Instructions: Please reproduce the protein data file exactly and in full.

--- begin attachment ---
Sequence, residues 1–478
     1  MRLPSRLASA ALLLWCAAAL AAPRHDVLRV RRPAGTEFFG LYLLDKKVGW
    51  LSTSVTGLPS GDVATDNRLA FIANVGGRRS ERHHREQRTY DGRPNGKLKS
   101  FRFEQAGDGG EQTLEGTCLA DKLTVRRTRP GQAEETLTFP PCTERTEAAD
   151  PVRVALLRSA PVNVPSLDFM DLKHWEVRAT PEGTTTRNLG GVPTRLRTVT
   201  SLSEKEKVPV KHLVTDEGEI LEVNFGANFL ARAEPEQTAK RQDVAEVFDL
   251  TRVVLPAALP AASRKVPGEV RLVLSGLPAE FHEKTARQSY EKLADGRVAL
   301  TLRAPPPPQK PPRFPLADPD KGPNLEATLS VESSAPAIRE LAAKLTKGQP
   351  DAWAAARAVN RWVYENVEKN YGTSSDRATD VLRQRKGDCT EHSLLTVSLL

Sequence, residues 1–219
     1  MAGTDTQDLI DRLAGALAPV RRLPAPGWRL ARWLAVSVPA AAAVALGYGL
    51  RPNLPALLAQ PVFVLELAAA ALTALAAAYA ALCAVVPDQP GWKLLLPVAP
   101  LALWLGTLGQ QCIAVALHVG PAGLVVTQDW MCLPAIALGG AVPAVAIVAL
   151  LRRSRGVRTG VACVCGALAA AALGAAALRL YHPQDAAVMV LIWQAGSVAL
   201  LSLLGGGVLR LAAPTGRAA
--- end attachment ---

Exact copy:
Sequence, residues 1–478
     1  MRLPSRLASA ALLLWCAAAL AAPRHDVLRV RRPAGTEFFG LYLLDKKVGW
    51  LSTSVTGLPS GDVATDNRLA FIANVGGRRS ERHHREQRTY DGRPNGKLKS
   101  FRFEQAGDGG EQTLEGTCLA DKLTVRRTRP GQAEETLTFP PCTERTEAAD
   151  PVRVALLRSA PVNVPSLDFM DLKHWEVRAT PEGTTTRNLG GVPTRLRTVT
   201  SLSEKEKVPV KHLVTDEGEI LEVNFGANFL ARAEPEQTAK RQDVAEVFDL
   251  TRVVLPAALP AASRKVPGEV RLVLSGLPAE FHEKTARQSY EKLADGRVAL
   301  TLRAPPPPQK PPRFPLADPD KGPNLEATLS VESSAPAIRE LAAKLTKGQP
   351  DAWAAARAVN RWVYENVEKN YGTSSDRATD VLRQRKGDCT EHSLLTVSLL

Sequence, residues 1–219
     1  MAGTDTQDLI DRLAGALAPV RRLPAPGWRL ARWLAVSVPA AAAVALGYGL
    51  RPNLPALLAQ PVFVLELAAA ALTALAAAYA ALCAVVPDQP GWKLLLPVAP
   101  LALWLGTLGQ QCIAVALHVG PAGLVVTQDW MCLPAIALGG AVPAVAIVAL
   151  LRRSRGVRTG VACVCGALAA AALGAAALRL YHPQDAAVMV LIWQAGSVAL
   201  LSLLGGGVLR LAAPTGRAA